Fabulous Faye and his Fantastic Finale
by MK Cornfield
Arlo Faye walked to the middle of the stage, hidden behind several maroon velvet curtains. The curtains separated, the lights turned on, and Arlo saw his shadow. Emphasized by the bright lights, his back was hunched, his knees bent together.
Well, he thought, I’m not seventeen any more.
Arlo straightened when he looked again at his shadow. The tall, black top hat that rested on his head gained him several inches in height. He had worn the same top hat for the last fifty years—at every show, at every performance. It had faded in color, and the small tear in the fabric on the right side Arlo had patched with a single square of red.
“Hello, everyone!” Arlo shouted toward the theater, taking his bow. “Welcome to my very last magic show.”
The crowd applauded. Arlo stood, his hands raised above his head, his right hand holding a small, black wand. It was slightly bent in the middle from years of use.
Arlo performed his act. He performed with grace and dignity. He made a butterfly flutter out of a small, black box that had been empty before. He caught a bullet in midair. He hypnotized a dog to believe it was an alligator.
In the end, Arlo took his final bow. He heard the roar of the audience, and when the lights slowly rose up, he looked at last into the crowd and saw that every seat was empty.
by Cassidy Carroll
At dinner, my hair done perfectly and my lips painted Russian Red, we had been just another couple in a room full of people. He’d rested his hand on my inner thigh and I draped my arm over his chair to stroke his shoulder, his linen shirt scratching my fingertips.
Later, in the hotel room, we sat on the edge of my lumpy bed waiting for my friends to quiet down in the rooms surrounding us. I wondered, if we sat closer, would our arm hairs stick up from the electricity?
“Do you think the hotel washed this bedspread?” he asked. I shrugged and said he wouldn’t have to stay much longer.
I heard a knock on the door and my heart quickened for a moment, like it does from the act of being startled awake. I stood and walked across the square room.
I opened the door and Dana was there, her face flushed from the wine at dinner. “Hey Jess,” she said. “We’re going out to the old bar across the street, want to come?”
I smiled and bit my bottom lip. “Busy,” I winked.
When everyone was asleep or at the bar, I stood by the door again and waited for him to get his arms through his jacket. I hadn’t realized how broad his shoulders were until then. I handed him the envelope of money.
And now, as he leaves the hotel, I imagine I’m not just a girl who paid for a date.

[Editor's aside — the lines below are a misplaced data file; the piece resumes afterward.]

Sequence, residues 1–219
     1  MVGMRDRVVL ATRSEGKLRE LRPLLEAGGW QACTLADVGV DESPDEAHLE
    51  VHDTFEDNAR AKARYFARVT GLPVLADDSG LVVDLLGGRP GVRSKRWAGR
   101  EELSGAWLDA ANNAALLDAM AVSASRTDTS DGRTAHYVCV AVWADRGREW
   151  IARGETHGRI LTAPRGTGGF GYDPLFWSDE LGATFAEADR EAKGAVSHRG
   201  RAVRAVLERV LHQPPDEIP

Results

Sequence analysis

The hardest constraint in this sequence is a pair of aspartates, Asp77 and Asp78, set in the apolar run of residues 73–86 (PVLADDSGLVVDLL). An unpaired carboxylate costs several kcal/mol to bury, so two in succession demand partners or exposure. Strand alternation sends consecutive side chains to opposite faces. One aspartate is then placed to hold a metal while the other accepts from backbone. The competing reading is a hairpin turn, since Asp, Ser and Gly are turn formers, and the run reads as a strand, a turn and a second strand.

by Stephanie Caucci
Nick pulled up to the curb and revved the engine of his Harley. I stayed hidden beside the wooden fence surrounding my house. I was frozen. Nick waved in my general direction, though he couldn’t see me in the shadows. A bedroom light switched on, my father waking up from the motorcycle.
“Aimee, let’s go,” Nick yelled with zero patience.
Me clutching his leather jacket, we headed out of suburbia and straight for downtown. It had just started to rain when he turned into the underground garage below the studio apartment he rented from a friend. We took the stairs two at time up to the fourth floor. I dropped my backpack, full of homework and high school textbooks, next to the beat up couch and walked over to his old record player. We debated between two albums, Blue Oyster Cult and Led Zeppelin. I won like always.
I cracked a window to let in the cool night air. Nick stood at the counter, mixing a screwdriver for me, and drinking Jack Daniels from the bottle.
“What took you so long? Did she find out?” I asked, afraid that we were busted.
His hands shoved me away. He removed his jacket and tossed it over the back of the sofa. I took in his blood splattered T-shirt. He set a 9 millimeter Beretta on the table.
“She won’t be a problem anymore,” Nick said with a smile.
Flesh and Blood
by Jordan Dedrick
Joe’s slowing us down. A herd of flesh-eaters is close behind us. They’re not as slow as you’d think.
“Go ahead,” I tell Jones and Levine. “I’ll go back and help Joe.”
Joe’s a brute, did some jail time before everything happened. No one knew why. I had an idea.
A week ago Joe stood close behind me as I cleaned my pistol. I felt him rub against my back. I hit him with the butt of my gun. He still has a bruise on his face.
“You got to move,” I tell him, “give me your bag.” He obliges. He’s a big guy, out of shape. Sweat’s pouring from his forehead and there’s a ring around his shirt collar, most likely from his bulbous neck.
Yesterday morning I found Laney, my sister, under a tree in our camp. She was dead, bruises forming around her neck. Her underwear was missing. I checked for bites, nothing. I had to put a bullet between her pale, blue eyes, before she turned.
“I’m tired,” Joe whines. The low drone of the herd gets louder. Their eyes are glazed over, skin decaying. They look like they’re on a mission, but someone forgot to tell them their objective.
Last night I snuck into Joe’s tent. I saw lacy, pink fabric tucked into his pillow.
“Hey,” I say to Joe. When he looks, I shoot him in the knee.
I reach Jones and Levine. They’re puzzled.
“Joe didn’t make it,” I say. “Too slow.”